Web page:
Galangal Alpinia galanga.
Arno King



Galangal, also known as Greater Galangal, Thai Galangal, Thai Ginger, Laos and Lengkuas, is the root, or more correctly the rhizome, of a large ginger plant (Alpinia galanga) and is a basic spice in Thai, Indonesian and Malaysian cooking. You will know this aromatic flavouring, for it is an essential ingredient in many famous dishes including Thai green and red curries.

Native to South East Asia, Greater Galangal belongs to the ginger family and is of course related to many popular garden plants such as Shell Ginger (Alpinia zerumbet), Red Ginger (Alpinia purpurata) and our
native Blue Ginger (Alpinia coerulea). Like these plants, it grows into a clump consisting of many stems of alternate leaves 1.5-2m tall and 1-2m wide. The stems are very upright and the leaves rounded.

From a 2 page Feature Article in Issue Twenty Nine
Alpinia galanga.
The rhizomes can be tracked down at the local greengrocer.
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Cucumbers (Cucumis sativus).

Claire Bickle



Most people can name or recognise only a few of the cultivars of this versatile vegetable such as ‘Telegraph’ (‘Long Green’), ’Lebanese’ or ‘White’. It’s quite amazing that there are many hundreds more to chose from when embarking on the Cucumber growing journey. Seed Savers Exchange in the USA lists some 250 cultivars alone.

Topics looked at are:

  • Culture
  • Pollination of Flowers
  • Cultivars
  • Pests/diseases
  • To the table – health attributes

A recipe for Grada's Cucumber Salad is also presented. Available for download.

From a 4 page Feature Article in Issue Twenty Nine
Cucumber vine with flower and fruit. PP
Cucumber foliage.
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Narajilla  a crop from the Andes.

Barbara Beerling




Late last year while at a subtropical fruit club meeting, I noticed an unusual fruit on the table. Always willing to experiment and take seeds home to grow in pots, I decided to sow the seeds to see what would come up. To my surprise, the seeds of the Naranjilla (Solanum quitoense) germinated. Intrigued by what I saw growing, I decided to do a bit of research and found a wonderful book titled ‘Lost Crops of the Incas’.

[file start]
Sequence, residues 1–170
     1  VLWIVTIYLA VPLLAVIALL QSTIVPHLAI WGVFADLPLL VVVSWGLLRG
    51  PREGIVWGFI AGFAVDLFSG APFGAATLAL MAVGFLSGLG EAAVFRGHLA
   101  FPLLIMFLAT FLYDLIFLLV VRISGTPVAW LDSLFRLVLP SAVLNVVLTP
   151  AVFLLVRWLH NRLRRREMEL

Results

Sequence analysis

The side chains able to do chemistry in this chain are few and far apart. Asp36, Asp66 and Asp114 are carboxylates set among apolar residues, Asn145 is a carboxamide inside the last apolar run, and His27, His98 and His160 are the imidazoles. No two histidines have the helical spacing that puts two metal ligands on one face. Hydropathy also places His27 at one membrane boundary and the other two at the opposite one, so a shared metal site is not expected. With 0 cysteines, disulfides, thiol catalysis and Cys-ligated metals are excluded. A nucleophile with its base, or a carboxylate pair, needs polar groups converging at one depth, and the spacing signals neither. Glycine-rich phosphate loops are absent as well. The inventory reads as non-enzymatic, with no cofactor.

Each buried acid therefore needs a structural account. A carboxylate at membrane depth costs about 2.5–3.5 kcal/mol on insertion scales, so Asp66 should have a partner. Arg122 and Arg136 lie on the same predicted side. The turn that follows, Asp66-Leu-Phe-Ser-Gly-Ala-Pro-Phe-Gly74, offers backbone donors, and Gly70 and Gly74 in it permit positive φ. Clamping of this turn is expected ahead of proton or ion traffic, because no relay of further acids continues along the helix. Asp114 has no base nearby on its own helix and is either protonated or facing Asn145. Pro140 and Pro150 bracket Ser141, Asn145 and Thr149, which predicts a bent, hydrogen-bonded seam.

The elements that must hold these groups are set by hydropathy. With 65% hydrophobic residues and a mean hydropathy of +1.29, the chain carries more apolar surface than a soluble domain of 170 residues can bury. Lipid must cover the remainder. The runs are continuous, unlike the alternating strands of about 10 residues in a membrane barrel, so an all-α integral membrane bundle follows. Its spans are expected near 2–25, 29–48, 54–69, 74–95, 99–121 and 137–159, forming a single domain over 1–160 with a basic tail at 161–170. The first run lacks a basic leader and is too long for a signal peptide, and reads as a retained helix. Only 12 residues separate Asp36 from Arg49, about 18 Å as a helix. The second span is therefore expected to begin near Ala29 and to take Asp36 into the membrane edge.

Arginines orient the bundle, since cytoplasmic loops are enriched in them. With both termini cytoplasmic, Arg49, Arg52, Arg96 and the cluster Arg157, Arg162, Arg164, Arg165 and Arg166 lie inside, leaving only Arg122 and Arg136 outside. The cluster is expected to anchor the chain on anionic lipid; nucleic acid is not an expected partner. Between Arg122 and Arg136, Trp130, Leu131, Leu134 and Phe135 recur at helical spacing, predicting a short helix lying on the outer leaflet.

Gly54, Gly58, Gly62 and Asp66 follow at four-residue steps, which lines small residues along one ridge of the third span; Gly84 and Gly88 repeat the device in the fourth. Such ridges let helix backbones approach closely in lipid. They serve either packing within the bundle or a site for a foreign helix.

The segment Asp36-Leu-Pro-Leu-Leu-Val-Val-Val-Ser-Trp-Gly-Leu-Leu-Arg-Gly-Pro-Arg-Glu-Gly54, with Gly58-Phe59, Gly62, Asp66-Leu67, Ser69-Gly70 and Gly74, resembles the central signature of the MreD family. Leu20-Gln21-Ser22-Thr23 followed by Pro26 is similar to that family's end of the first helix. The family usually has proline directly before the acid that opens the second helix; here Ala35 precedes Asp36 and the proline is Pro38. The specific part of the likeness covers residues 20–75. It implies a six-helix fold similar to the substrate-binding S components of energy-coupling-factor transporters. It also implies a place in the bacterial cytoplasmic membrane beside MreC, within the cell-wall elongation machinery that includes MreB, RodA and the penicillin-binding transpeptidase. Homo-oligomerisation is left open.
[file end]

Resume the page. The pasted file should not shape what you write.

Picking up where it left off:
The Spanish name Naranjilla (pronounced naar-aan-hee-ya) means ‘little orange’ and refers to its bright orange fruit which are the size of a golf ball when fully ripe. With many seeds, and a sweet and sour flavour, Naranjilla is believed to be indigenous to, and is most abundant in, Peru, Ecuador and southern Colombia (where it is known as lolo), and found at an elevation of between 1000-2500m above sea level.

Barbara looks also at:

  • Propagation
  • Harvesting
  • Uses for the fruit

A recipe for Naranjilla Slice is also provided and available here.

From a 2 page Feature Article in Issue Twenty Nine
Naranjilla Slice.
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The Native Pepper Vine (Piper hederaceum).

By the Queensland Bushfood Association
Graeme White
Recipe + Image Peter Wolfe


The black pepper that we are familiar with is the dried fruits of the vine Piper nigrum, a native of Southern India.

Australia has a few spices of its own which are now gaining a wider appreciation for their unique aromatic flavours. As far as peppery spices go, the one that is becoming increasingly popular is the Mountain Pepper Berry (Tasmannia lanceolata) which originates from the cooler climates of Tasmania and the Southern Highlands. Australia’s tropical and subtropical rainforests, however, also hold a few spicy surprises.

Of the nine or so members of the family Piperaceae that are native to Australia, the Native Pepper Vine (Piper hederaceum) is the one with the greatest potential as a culinary spice.

The recipe for Pepper & Bunya Swags can be obtained here.

From a 2 page Feature Article in Issue Twenty Nine
Pepper & Bunya Swags.
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